What is that? Food? By Liz Lynch-Gadaleta

Hi! I’m Liz Lynch-Gadaleta, a Sophomore going on the Trujillo Spain Program this spring. I’m a History and International Studies double major with a concentration in Europe and a minor in Spanish. I chose this program because studying abroad in Spain is something I have talked about doing for as long as I can remember and this program was the perfect fit for me to be able to finish my minor while immersed in a small, medieval town. While abroad I am hoping to become more culturally conscious and eat a lot of food! I feel I have a strong foundation in spanish, and hope that living with a host family and in a small town will allow my skills to increase. I haven’t done much research about my host country, but I can’t wait to go!

Moving to a new country, a new culture, and a new language is a transition that is tough to describe in words. When I first got to Spain, I was nervous and literally felt all the Spanish I knew leave my body. I got in the car with my host mom and went home, but was petrified about what lay ahead. Then, I unpacked and sat down at lunch, and was confronted with another issue: what in the world was I about to eat? The question of what was on my plate was something that persisted the whole time I was abroad, but I learned one key element: ask AFTER you eat. Sometimes, you can’t avoid knowing: my host mom almost always had a little story to go with the dish I was eating, why she made it, and why she thought I needed to try it. I’m not saying not to ask what you’re eating until later out of fear, rather the opposite: the sooner I tried something, the sooner I knew whether or not I liked it, and then it mattered significantly less what it was because it was good and I was already eating it. (The only thing this didn’t apply to was the bull I tried on my first afternoon, not that it was bad, but it wasn’t my favorite, as I told my host mom.) Some things you’ll start to like while you’re there, things that you never in your life thought you would like so much. My host mom, for example, made the most amazing lentils and chorizo I have ever had but before I went abroad, I had never eaten lentils and really did not like chorizo. I ended up having lentils as my last meal. There are also things that you really can only get while you’re there: majestic tasting coffee, pastries beyond your wildest dreams, paella fresh out of the pan (or brought out IN the pan!), and, my personal favorite, tortilla de patatas. Lastly, despite all the things that are unfamiliar, there are moments that will bring some solace of home. I ate at McDonald’s in every country I went to, tried something unique to each country, and got a Happy Meal to top it off! Even when you least expect it, the feeling of home will be there. The first lunch I ate tasted like chicken noodle soup, it really wasn’t (and it later included the aforementioned bull) but I was fresh off the plane and nervous when I sat down to what I consider the superior version of chicken soup. That is the moment I knew that, no matter what happened, I was going to be okay in Spain. Food provides connections unlike anything else, and all the foods I got to try are some of my favorite memories of studying abroad. Take advantage, and eat up!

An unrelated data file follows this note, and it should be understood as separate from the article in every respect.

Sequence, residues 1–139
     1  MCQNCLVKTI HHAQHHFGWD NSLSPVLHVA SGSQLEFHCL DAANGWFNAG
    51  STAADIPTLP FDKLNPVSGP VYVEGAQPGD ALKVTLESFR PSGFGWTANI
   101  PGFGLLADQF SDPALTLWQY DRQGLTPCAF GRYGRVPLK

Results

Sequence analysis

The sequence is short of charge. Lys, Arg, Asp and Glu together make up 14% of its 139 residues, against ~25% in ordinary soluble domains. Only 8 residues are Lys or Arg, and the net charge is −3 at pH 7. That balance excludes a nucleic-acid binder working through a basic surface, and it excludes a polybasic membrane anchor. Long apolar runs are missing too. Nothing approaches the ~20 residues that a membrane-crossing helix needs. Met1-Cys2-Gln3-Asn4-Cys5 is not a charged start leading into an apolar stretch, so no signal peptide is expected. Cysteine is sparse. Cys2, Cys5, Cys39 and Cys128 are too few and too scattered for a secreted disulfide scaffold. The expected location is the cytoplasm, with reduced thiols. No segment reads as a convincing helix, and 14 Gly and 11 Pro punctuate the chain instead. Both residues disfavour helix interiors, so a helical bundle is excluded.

PS: Don’t eat the oranges off the trees in the street! They are SO sour!

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